Spoon does something exceptionally well on every album they release: they make pure rock and roll, the kind that never seems to grow old. With their first album in 2010, and lead singer/songwriter Britt Daniels off of working with indie super group Divine Fits, Spoon has made a solid comeback. Opening with “Rent I Pay,” Daniels and co. brings back a vintage sound that Spoon has perfected. They Want My Soul takes a turn with possibly the most beautiful song of the year “Inside Out”: a synth ballad utilizing Divine Fits’ own Alex Fichel’s keyboard abilities. The title track, “They Want My Soul,” holds the wittiest lyrics on the album, even referencing former Spoon track “Jonathan Swift.”
Key Track: “Inside Out”

5.    The War On Drugs – Lost in the Dream
Though The War On Drugs were called out by Sun Kil Moon earlier this year for being “a beer commercial band,” Lost in the Dream cannot be denied its place amongst the greats of 2014. Living up to its hype and critical acclaim, the album opens with the beautiful and long-winded “Under the Pressure,” which seems to set the tempo for the album: an aesthetically pleasing, classic rock album that succeeds in producing a beautiful vintage sound.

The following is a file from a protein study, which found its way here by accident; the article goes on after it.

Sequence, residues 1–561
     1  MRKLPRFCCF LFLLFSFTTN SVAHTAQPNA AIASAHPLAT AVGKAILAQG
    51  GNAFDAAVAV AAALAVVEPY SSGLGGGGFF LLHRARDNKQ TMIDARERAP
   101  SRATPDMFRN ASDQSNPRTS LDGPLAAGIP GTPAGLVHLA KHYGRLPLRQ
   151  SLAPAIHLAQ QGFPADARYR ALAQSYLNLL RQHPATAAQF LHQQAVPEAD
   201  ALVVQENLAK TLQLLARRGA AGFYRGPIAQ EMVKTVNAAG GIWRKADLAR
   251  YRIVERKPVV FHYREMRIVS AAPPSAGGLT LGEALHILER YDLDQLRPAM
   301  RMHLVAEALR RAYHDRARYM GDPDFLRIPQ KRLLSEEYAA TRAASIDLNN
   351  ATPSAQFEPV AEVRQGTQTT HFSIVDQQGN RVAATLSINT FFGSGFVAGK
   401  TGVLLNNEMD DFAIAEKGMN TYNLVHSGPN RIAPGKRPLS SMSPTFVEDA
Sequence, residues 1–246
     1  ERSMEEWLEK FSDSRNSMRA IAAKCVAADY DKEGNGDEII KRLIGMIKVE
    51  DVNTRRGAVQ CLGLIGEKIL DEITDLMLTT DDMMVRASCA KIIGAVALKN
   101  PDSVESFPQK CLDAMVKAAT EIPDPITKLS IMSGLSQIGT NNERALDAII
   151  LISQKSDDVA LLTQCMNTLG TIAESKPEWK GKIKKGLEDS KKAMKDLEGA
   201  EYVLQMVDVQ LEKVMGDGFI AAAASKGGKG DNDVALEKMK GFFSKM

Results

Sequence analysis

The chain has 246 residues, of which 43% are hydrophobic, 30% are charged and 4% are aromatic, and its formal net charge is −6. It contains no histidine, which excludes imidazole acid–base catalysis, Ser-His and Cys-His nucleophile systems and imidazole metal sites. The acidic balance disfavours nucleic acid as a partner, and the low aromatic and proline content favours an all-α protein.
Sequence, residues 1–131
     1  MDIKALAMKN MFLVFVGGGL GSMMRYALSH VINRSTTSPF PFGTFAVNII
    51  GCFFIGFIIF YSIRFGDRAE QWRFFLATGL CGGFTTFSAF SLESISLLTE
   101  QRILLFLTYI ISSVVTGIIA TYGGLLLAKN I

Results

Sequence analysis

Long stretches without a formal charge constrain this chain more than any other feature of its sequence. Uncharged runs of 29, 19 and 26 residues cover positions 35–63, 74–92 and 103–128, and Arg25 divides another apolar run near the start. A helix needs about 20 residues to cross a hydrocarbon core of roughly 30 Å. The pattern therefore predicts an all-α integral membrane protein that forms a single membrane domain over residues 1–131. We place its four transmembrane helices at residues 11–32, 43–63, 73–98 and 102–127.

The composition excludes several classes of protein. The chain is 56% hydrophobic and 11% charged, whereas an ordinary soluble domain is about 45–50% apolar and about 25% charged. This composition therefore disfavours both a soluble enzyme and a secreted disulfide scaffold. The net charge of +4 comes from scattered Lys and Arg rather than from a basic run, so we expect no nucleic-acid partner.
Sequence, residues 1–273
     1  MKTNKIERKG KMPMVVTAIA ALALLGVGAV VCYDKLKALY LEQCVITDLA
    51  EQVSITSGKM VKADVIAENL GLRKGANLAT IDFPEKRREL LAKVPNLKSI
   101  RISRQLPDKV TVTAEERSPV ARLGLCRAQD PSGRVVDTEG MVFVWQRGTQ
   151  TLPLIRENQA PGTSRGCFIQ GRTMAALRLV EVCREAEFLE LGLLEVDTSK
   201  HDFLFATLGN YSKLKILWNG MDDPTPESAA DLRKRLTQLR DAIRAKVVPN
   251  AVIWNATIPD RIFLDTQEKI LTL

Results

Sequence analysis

Key Track: “Under the Pressure”

4.    Royal Blood – Royal Blood
The heaviest of all albums on the list, but by far one of the best, Brighton duo Royal Blood broke thru this year via supporting Arctic Monkeys throughout their European tour. They also succeeded in achieving the fastest-selling debut album in Britain in the last three years. Royal Blood is a fast-paced and driving record that mirrors the work of The White Stripes, with just a drummer and guitarist providing the hard-rock sound that they have managed to make. Royal Blood has also become known as a fantastic live act (they have just recently been named supporters for Foo Fighters nationwide tour next year).
Key Track: “Figure It Out”

3.    Jack White – Lazaretto
Jack White’s second solo record has boosted his reputation as one of the most influential artists of his generation. The experimentation he exhibits makes the album possibly the most original record of the year, filling songs with fiddle solos, eardrum-bursting guitar effects, and even making the first single off the album, “High Ball Stepper,” an instrumental piece. The record is a step forward from his last one, Blunderbuss, musically, with an emphasis on fiddle, electric guitar and a more original lyrical pattern. Jack White also became one of the most acclaimed live acts in the world this year, performing off of both Lazaretto and Blunderbuss as well as including tracks from The White Stripes and The Dead Weather. He will be performing at Madison Square Garden on January 30, 2015.